Mishnah Berurah (216:51): We do not discuss one who took it for the Mitzvah and happened to smell it. All exempt in this case, like Sa'if (2) above. Rather, he intended to be Yotzei and to smell. In an analogous case of eating, one blesses.
Mishnah Berurah (52): If one smelled it, he should not bless.
Kaf ha'Chayim (653:4): Since the only reason not to smell it is the Safek Berachah, one may bless on another fruit with intent to smell the Esrog also.
Shulchan Aruch (217:1): One who enters a fragrance store blesses Borei Minei Besamim.
Magen Avraham (1): This is because the owner wants people to smell them and buy them. But one does not bless on fragrances in a room that is not a store. Even if he intends to smell them, for they were not put there to be smelled.
SMELLING SOMETHING GROWING ON SHABBOS [Hadas:Esrog:smell]
37b - Rabah: (On any Shabbos) one may smell attached Hadasim, but not an attached Esrog.
Question: What is the reason?
Answer: Hadasim are only for their smell, therefore we are not concerned lest he detach it. Esrogim are for eating, therefore if he may smell it we are concerned lest he detach it.
Eruvin 40a: On Yom Tov Sheni, Nochrim detached Hadasim for people that make crowns for Chasanim. Ravina permitted people to smell them immediately.
Rava bar Tachlifa: You should forbid, for people here are not Benei Torah (they might come to disgrace Yom Tov Sheni)!
Objection (Rav Shemayah): This implies that Benei Torah would be permitted. They should have to wait after dark the time needed (to cut them)!
Rava: They must wait the time needed (to cut them. This is a decree, lest Yisraelim ask Nochrim to do Melachah on Shabbos or Yom Tov.)
The Rif and Rosh (3:25) bring our Gemara essentially verbatim. The Rif (Beitzah 14a) brings the episode in Eruvin.
Question (Ran DH v'Omar): Rava forbade people to smell Hadasim that Nochrim detached on Yom Tov until the time needed to cut them after Yom Tov (Eruvin 40a). R. Tam says that this applies only when there was no way to benefit without doing an Isur. Here, they could have smelled them when they were attached!
Answer #1 (Ba'al ha'Ma'or): Rather, they wanted to build a Chupah with Hadasim for the Chasan and Kalah to smell. Ravina permitted to smell, i.e. and even to build the Chupah. This could not be done with attached Hadasim, so Rava forbade until Motza'ei Yom Tov.
Rebuttal and Answer #2 (Hasagos ha'Ra'avad): Surely, Ravina would not have permitted to build a Chupah on Yom Tov! Rather, the Hadasim were brought from outside the Techum. Ravina thought that it suffices to forbid building, so he permitted to smell them. Rava saw a need to forbid even smelling, lest they make a Shali'ach to bring from outside the Techum on Shabbos.
Answer #3 (Ran, ibid.): They were brought from outside the Techum. Ravina permitted smelling them immediately, i.e. after Yom Tov. Techumim is a light Isur; what it is forbidden to some is permitted to others. Therefore, we need not wait after Yom Tov the time to bring them. Rava held that since a Melachah was done (they were detached), and a Yisrael could not have (left the Techum and) benefited by himself on Yom Tov, we decree to wait on Motza'ei Yom Tov the time needed to cut and bring them.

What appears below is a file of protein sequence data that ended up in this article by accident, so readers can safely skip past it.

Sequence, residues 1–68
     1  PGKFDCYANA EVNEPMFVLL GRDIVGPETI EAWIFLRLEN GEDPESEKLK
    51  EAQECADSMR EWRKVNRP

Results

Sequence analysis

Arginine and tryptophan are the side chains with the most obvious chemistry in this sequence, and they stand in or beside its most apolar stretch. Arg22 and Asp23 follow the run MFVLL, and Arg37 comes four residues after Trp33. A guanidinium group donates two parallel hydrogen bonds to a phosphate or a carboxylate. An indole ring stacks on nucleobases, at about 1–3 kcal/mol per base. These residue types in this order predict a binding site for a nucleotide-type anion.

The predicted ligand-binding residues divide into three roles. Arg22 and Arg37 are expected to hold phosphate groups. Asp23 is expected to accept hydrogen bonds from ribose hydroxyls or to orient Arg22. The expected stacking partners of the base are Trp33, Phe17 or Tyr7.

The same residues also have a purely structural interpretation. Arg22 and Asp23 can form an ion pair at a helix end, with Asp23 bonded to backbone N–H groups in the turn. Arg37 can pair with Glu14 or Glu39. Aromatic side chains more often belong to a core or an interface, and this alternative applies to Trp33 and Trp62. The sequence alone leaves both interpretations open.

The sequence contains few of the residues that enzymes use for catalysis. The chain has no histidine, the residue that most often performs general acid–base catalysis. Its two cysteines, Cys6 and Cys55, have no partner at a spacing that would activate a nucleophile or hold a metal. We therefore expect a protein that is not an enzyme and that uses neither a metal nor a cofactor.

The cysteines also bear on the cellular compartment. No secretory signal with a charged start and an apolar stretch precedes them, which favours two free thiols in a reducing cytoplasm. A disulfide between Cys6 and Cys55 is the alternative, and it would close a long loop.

Answer #4 (Ran Beitzah 14a DH Hinahu): Rashi's text says that it was the second day of Yom Tov, therefore Ravina was lenient. Rava was stringent, because Melachah was needed to enable the Yisraelim to benefit from it here.
Answer #5 (text of R. Chananel, and Ge'onim cited in Ran, ibid.): It is forbidden to smell attached Hadasim, lest he detach it. One may smell an attached Esrog. Since he intends to eat it, and he may not do so today, he will not detach it (R. Chananel). Alternatively, since we permit only to smell it, this is a reminder not to detach it (Ran).
Rambam (Hilchos Shabbos 21:7): On Shabbos one may smell attached Hadasim, for they are only for smelling and its smell is available (we are not concerned lest he detach it). One may not smell an attached Esrog, apple or anything edible. This is a decree lest he detach it to eat it.
Hagahos Maimoniyos (5): If not for this decree, the fruits would not be forbidden due to Muktzeh, because people anticipate that fruits will fall off a tree.
Shulchan Aruch (336:1): On Shabbos we do not go on trees or use anything connected to the ground. This is a decree lest one break off a branch.
Rema: This refers to trees and similar things. One may use attached reeds that are soft like vegetables. There is no decree against vegetables.
Source (Hagahos Ashri Eruvin 3:4): Rav Nachman told his Talmidim to prepare attached reeds before Shabbos to sit on on Shabbos (Eruvin 34b). The Gemara asks a contradiction regarding an Eruv on top of a reed, and concludes that it is Kosher if the reed is soft (for then one may take the Eruv Bein ha'Shemashos).
Mishnah Berurah (14): Many Poskim forbid reeds that are prone to harden even while they are soft.
Shulchan Aruch (10): On Shabbos one may smell attached Hadasim. One may not smell an attached Esrog, apple or anything edible, lest he detach it to eat it.
Beis Yosef (DH Hadas): We follow the text of the Rif, Rambam and Rosh.
Kaf ha'Chayim (61): Nevertheless, people are stringent lest one forget and detach leaves.
Mishnah Berurah (48): Whether or not he may take it in his hand depends on the argument about soft reeds in Sa'if (1).
Kaf ha'Chayim (64): One who enters a garden or orchard on Shabbos and smells roses or Esrogim must bless. We are not concerned lest he detach, since he is far away. Others say that he should not bless, because it is a scent of Isur (lest he detach them), or because no action was done for the sake of their scent. Therefore, one should not intend to smell them, and not bless.